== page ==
In honor of today’s 6th Annual Chenega Invitational Golf Tournament benefitting Azalea Charities Aid for Wounded Warriors (the yearly fundraiser for my full time job), I wanted to dedicate a post to the benefits of Pilates for golfers.
Pilates can be beneficial to golfers in a number of ways. Both are mind-body activities reliant upon core strength, with basic principles that cross over to one another; while golf focuses on fluid motion, precision, accuracy and power, Pilates is based in control, concentration, centering, flow of motion, and breath control.
Though golf is seen as leisurely, serene sport, it does carry risks – nearly 60% of amateur golfers experience golf-related injuries (most commonly in the low back, shoulders, wrists and elbows) throughout their lifetimes, and nearly half of all professional golfers are eventually forced to retire as a result of injuries sustained on the course.
Why such a high number of injuries? A large percentage are the result of overuse, but there are a number of underlying faults in an individual’s golf swing that can lead to injury. Many golfers suffer from a lack of flexibility, poor rotation, hip or shoulder girdle instability, or weaknesses in the hips, legs, wrist, forearms, or core muscles. The good news? Pilates can address – and correct – each of these issues.
Here are a few Pilates exercises that can help correct some physical instabilities or weaknesses that may be hindering your golf game:
Rollup: Start lying flat on the floor, belly button tucked tight into your spine, with arms extended long behind the head. As you inhale, reach the hands toward the sky, and as you exhale, slowly lift the upper body and reach toward the toes, keeping the abs scooped (as if you are reaching over a ball and past the toes). Inhale, lifting the hands back to the sky, and exhale, lowering the body back to the starting position as slowly as possible. Make sure to keep the shoulder blades pressed down and back, and the legs firmly on the floor (they will shift back and forth slightly; you just want to make sure they don’t come off of the floor – if they do, you are using your legs to lift you, versus your abs). If you find yourself struggling to keep the legs down, you don’t have to roll all the way up – as long as the abs are engaged, you are still getting the benefits, even if the upper body is only coming two inches off of the floor.
Saw: Start seated, legs extended straight in front of you, about hip-width apart (toes can be flexed or pointed). Imagine a string is attached to the top of your head, pulling you to the ceiling, so your vertebra are stacked one on top of each other, shoulders pushed down and back, with arms extended to your sides, parallel with the floor. As you exhale, twist the torso in one direction, reaching the opposite arm past your baby toe. Inhale, twisting the body back to center, and reach forward and past the opposite toes. Be sure to maintain a strong core throughout the entire exercise, keeping the abs tucked tight in toward your spine. (Want a little tricep work along with it? I like to torture my classes by adding 2.5 lb. weights – the motion remains the same, but on the reach forward, the back arm rotates so the palm is facing the sky. 2.5 lbs. gets pretty heavy pretty quickly.)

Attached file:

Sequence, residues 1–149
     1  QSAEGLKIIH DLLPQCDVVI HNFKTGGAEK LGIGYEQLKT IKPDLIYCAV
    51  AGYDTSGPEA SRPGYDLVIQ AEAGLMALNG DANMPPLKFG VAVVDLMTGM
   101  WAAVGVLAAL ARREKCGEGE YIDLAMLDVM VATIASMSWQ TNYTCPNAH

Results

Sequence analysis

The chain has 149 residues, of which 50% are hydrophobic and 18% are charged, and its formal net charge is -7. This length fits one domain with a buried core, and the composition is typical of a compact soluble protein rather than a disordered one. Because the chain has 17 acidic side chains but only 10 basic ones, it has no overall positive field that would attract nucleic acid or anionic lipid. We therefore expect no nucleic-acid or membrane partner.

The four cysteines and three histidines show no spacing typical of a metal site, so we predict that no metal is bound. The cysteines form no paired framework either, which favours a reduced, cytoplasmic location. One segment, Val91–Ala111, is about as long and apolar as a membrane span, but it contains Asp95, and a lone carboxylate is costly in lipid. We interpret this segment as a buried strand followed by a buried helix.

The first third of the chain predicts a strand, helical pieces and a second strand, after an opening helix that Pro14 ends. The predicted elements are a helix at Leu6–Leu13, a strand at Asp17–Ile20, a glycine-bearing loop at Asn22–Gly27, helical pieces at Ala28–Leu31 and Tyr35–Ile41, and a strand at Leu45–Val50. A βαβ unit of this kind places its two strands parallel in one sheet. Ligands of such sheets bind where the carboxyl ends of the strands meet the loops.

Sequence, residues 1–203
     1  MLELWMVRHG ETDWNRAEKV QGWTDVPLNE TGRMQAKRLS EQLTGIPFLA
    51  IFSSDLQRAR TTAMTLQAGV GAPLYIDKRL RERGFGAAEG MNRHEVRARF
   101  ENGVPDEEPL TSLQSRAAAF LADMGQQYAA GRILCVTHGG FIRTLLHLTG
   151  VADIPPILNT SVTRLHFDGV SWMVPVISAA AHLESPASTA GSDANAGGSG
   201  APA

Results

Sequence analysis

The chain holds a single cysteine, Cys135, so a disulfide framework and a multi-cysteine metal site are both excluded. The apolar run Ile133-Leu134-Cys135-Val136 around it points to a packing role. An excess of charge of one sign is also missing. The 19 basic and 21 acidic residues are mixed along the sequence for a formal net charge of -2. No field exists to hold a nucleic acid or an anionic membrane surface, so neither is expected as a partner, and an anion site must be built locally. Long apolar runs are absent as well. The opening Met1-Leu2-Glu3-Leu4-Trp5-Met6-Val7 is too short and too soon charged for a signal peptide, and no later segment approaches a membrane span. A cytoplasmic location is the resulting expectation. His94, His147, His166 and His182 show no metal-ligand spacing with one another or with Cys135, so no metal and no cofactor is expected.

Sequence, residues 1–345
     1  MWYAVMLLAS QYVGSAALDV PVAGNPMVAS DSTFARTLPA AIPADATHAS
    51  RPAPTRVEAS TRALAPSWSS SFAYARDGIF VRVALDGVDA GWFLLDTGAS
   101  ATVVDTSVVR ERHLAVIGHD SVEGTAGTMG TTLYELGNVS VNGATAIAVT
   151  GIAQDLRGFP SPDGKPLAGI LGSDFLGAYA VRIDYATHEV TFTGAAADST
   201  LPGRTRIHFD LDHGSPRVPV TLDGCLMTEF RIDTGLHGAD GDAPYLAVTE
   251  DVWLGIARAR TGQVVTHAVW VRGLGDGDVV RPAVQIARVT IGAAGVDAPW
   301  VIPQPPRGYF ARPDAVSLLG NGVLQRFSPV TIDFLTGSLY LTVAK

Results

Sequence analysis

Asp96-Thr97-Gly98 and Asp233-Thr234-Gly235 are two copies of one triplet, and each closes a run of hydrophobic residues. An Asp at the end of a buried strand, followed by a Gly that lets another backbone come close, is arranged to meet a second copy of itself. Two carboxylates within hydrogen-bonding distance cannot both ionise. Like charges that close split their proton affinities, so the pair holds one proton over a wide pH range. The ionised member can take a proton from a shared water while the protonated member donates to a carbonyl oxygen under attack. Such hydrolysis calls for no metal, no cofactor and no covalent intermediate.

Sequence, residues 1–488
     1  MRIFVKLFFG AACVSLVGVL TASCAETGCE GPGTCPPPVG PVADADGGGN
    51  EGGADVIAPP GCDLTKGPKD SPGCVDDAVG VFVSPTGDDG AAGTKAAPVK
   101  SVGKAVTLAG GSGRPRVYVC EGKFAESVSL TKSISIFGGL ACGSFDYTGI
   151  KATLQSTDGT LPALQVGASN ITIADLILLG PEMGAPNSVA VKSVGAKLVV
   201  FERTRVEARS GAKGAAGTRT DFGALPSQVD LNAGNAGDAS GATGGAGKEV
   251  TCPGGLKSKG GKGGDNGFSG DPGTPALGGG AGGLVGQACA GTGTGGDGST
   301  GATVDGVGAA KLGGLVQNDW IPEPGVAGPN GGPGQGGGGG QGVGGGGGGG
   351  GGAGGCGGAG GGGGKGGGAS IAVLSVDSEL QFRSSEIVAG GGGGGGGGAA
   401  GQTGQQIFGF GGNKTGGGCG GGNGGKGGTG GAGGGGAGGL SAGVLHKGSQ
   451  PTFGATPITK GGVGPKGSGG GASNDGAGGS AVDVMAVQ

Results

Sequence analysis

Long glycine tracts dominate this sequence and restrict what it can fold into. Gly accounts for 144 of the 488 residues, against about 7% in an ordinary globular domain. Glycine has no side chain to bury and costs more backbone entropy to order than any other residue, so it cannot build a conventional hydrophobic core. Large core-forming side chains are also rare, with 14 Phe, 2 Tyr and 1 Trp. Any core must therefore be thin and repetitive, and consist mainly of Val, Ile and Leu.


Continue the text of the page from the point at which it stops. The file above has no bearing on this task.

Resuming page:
Single Straight Leg Stretch: Lie on the ground, head and shoulders up, one straight leg a few inches off of the floor, the other leg extended toward the sky, with hands reaching behind the leg. Imagining there are markers on your toes, switch the legs, drawing straight lines up and down in front of you. The low back should maintain contact with the ground at all times – if you feel it pulling up, you can simply raise the bottom leg higher to the sky to bring the back flat.
Side-lying Leg Circles: Lie on one side, legs extended at a slight forward angle to the upper body. Upper body can be supported by the bicep, the upper arm (with the head resting in the hand) or propped up on the forearm. Life one leg approximately six inches, and keeping the hips stable and stacked, draw small circles with the toes in one direction. Once you have completed 6-10, reverse the direction of your circles.
Still looking for a reason to add Pilates to your golf conditioning routine? Pilates can help to restore muscle balance, lengthen tight muscles, strengthen weak muscles, enhance balance and stability and increase strength and power. All of which translate to a more fluid, controlled swing … and ultimately, a better golf game. So get to the studio … and see you on the links!